First Listen – HiFiMAN HM-901 high-resolution portable digital music player
Over the past year, the firm Astell & Kern has garnered considerable press attention, first for its AK100 high-res portable digital music player and then for its even higher-res AK120 player. The A & K players made a big splash and for good reason; their arrival in the marketplace was timely and the products offer exemplary fit, finish, and stylistic panache, plus user interfaces that—by all accounts—work very well. But long before A & K ever appeared on the scene the famous Chinese headphone/headphone amplifier company HiFiMAN had begun a multi-year-long development effort on an extremely ambitious high resolution digital music player of its own: the HM-901 ($999).
What makes the HM-901 so ambitious? Well, for starters the HM-901, which is all about delivering serious high-end sound quality, is based on dual ESS Sabre ES9018 32-bit DAC chips—units similar to those used in Oppo’s top of the line BDP-105EU universal player (and in many other even more costly high-end audio components). This certainly isn’t the least expensive way to go in preparing a high-res player, but HiFiMAN argues that it is the best-sounding way to go. In fact, company founder Dr. Fang Bian claims that in blind tests (at least one of which I’ve had the opportunity to observe) the HM-901 compares favourably with multi-thousand dollar/pound dedicated full-size DACs. The HM-901 supports 16-bit formats (mp3, flac, ape, aac, alac, aiff, and wav) as well as 24-bit formats (mp3, wav, flac, and alac), with decoding for up to 192/24-bit files.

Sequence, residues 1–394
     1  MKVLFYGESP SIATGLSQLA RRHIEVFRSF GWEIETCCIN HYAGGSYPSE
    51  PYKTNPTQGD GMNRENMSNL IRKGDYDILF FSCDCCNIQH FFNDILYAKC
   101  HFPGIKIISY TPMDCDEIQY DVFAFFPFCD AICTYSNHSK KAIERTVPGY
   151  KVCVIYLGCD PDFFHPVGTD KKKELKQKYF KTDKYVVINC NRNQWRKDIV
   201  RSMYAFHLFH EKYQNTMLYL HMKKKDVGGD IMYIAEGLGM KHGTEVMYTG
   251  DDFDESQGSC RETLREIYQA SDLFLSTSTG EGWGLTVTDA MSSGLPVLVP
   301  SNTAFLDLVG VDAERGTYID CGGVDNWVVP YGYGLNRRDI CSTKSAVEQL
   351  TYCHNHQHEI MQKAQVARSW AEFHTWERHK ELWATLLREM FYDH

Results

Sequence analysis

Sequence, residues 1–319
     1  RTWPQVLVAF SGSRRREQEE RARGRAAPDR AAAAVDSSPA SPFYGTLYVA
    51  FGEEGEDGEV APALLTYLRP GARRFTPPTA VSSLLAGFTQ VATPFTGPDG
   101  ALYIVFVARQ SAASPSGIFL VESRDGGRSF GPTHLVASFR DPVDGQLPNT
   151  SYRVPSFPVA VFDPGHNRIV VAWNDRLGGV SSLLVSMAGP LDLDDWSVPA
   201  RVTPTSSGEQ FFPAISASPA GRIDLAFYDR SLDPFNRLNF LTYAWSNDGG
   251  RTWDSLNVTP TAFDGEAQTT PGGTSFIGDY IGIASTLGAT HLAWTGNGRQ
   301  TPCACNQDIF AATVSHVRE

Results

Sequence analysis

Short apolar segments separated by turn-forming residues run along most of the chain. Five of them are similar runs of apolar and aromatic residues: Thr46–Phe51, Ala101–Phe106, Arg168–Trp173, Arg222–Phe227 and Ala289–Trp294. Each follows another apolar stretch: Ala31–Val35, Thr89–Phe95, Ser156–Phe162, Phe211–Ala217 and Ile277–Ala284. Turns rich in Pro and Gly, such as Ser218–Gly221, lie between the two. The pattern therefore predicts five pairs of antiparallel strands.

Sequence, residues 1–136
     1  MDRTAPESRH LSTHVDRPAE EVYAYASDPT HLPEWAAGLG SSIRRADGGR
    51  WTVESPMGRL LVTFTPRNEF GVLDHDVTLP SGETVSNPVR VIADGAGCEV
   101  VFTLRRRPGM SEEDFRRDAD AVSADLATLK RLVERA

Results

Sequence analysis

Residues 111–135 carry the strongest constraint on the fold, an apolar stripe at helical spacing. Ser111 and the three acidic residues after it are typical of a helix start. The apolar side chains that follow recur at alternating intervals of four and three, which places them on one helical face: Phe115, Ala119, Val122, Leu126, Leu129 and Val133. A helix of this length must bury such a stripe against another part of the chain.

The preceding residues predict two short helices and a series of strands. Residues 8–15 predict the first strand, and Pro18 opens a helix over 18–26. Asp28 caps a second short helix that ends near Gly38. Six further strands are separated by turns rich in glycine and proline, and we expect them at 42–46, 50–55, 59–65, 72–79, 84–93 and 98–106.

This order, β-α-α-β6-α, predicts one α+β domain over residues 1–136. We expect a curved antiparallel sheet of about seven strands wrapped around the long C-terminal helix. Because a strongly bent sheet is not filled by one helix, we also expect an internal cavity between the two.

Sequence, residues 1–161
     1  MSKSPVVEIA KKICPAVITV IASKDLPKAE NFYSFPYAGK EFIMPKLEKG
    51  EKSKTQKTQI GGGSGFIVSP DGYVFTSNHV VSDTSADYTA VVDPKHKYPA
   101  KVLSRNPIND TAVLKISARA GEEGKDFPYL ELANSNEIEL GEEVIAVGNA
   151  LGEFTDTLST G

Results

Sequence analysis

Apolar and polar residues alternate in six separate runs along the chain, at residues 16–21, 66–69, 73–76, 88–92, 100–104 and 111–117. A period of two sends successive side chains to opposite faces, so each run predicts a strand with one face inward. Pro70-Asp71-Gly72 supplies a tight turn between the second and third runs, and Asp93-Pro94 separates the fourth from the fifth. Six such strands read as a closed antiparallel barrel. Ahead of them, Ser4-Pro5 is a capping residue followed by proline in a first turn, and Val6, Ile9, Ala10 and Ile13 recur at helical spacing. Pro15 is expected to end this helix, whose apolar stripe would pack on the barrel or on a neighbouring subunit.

Second, the HM-901 provides very high-performance, user replaceable amplifier modules, with different variations for different types of headphones and earphones. At present the firm offers three amp options: a Balanced-output Amplifier
Card, an IEM Amplifier Card, and a special “HM-901 Minibox Amplifier Card” designed, says HiFiMAN, by “renowned portable amplifier designer, Three Stone.” The point, here, is that HiFiMAN give you options, offering different amp modules tailored to fit specific applications—something no other portable player maker we know of has seen fit to do. Our evaluation unit came with the Balance Amplifier Card already installed and that is what we have been using thus far.
However, the sound-quality oriented feature set doesn’t end here, in that the HM-901 provides a precision stepped attenuator volume control, a balanced/single-ended output switch, high & low gain setting controls, an HD/Vintage DAC response-shaping control switch and can—at the user’s option—be fed directly from an S/PDIF input. Most of the time, though, we imagine users will instead choose to run the HM-901 directly from its onboard SD card, which of course means owners can buy as much or as little digital file storage capacity as they desire. The player ships with a power charger, a 1600 mAh lithium-ion battery, a USB to multi-pin adapter cable (used in downloading music files from a PC to the HM-901’s SD card, and a combo S/PDIF input/RCA line-level output cable that facilitates use of the HM-901 as a traditional high-performance DAC.